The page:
Andelman, David A.
March 1980
Foreign Affairs;Spring80, Vol. 58 Issue 4, p835
Academic Journal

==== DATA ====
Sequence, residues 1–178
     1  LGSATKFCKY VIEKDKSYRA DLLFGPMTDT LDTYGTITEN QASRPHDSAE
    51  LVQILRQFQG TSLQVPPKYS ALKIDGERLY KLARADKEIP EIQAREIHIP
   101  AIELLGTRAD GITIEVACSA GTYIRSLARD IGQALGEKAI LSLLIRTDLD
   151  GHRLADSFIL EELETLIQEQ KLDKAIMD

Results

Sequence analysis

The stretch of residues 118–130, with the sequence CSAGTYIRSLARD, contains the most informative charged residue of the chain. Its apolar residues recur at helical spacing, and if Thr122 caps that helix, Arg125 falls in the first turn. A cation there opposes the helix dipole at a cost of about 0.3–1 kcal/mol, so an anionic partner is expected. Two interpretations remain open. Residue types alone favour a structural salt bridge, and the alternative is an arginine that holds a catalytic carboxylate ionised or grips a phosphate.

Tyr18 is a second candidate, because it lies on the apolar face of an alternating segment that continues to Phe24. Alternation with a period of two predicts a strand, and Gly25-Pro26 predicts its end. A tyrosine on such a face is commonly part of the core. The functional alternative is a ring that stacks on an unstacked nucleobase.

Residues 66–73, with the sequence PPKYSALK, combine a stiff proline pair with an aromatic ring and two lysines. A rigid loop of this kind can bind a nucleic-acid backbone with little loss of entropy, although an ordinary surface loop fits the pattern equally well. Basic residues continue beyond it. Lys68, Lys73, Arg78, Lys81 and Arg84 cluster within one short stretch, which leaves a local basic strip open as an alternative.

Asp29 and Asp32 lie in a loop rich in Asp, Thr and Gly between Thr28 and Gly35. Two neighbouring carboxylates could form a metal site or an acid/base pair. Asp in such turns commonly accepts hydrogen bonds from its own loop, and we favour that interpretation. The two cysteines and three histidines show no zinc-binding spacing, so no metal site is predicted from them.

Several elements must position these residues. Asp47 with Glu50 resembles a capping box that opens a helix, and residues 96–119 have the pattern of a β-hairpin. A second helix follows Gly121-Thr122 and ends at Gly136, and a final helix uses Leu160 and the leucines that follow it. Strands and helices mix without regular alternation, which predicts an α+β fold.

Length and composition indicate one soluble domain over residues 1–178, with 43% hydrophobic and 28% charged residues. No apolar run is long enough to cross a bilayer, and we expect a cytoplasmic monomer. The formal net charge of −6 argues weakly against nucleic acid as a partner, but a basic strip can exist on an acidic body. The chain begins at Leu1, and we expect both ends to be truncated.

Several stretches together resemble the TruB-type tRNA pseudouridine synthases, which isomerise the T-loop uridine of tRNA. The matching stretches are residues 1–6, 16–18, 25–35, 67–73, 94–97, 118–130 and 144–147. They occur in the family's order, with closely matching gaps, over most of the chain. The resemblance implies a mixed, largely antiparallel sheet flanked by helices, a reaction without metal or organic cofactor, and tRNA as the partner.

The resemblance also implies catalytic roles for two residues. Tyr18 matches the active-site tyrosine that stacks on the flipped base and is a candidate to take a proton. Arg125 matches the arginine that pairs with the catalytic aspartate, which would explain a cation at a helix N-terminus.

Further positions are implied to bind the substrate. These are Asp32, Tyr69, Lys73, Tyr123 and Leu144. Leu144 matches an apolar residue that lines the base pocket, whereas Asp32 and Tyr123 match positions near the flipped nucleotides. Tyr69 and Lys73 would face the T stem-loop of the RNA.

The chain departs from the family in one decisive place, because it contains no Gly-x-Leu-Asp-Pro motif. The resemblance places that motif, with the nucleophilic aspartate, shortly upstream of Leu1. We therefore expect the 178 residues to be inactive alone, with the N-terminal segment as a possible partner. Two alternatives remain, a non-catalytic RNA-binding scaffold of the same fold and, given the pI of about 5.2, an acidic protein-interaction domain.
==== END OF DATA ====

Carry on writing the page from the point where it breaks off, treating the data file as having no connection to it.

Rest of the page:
The article analyzes the future of Yugoslavia and the dangers it faces as its leader, Marshall Josip Broz Tito nears death. The grand old man of Balkan politics, Marshal Josip Broz Tito, no longer rules. At this writing, the founder of nonalignment, the originator of the first new brand of socialism lies mortally ill. At home he attempted, at the very least, to forge a united nation from a host of competing, often antagonistic ethnic groups, each with its own aspirations in terms of economic and cultural development, religion, language and political awareness. The future of Yugoslavia, in short, contains many pitfalls and dark passions all waiting to be exploited by the opportunists, at home and abroad, who have long lain in wait for this time. From the moment of its formation more than 60 years ago, one nation or another has wanted something from Yugoslavia. An amalgam of the leavings of the Hapsburg monarchy and a disparate set of the most backward peoples of the Balkans, Yugoslavia, long before its present leadership or its present communist system appeared on the scene, was a particularly tempting and apparently vulnerable prize. But there is more to Yugoslavia's value today than its unquestionably strategic geopolitical position.


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